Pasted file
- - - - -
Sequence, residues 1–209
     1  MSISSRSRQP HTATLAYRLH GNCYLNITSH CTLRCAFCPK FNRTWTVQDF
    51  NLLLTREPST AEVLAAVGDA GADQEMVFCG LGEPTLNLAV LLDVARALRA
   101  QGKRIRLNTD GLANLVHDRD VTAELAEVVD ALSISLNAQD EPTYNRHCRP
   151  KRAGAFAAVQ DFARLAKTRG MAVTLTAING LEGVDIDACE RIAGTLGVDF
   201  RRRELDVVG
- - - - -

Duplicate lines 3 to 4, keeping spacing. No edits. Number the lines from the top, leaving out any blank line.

    51  NLLLTREPST AEVLAAVGDA GADQEMVFCG LGEPTLNLAV LLDVARALRA
   101  QGKRIRLNTD GLANLVHDRD VTAELAEVVD ALSISLNAQD EPTYNRHCRP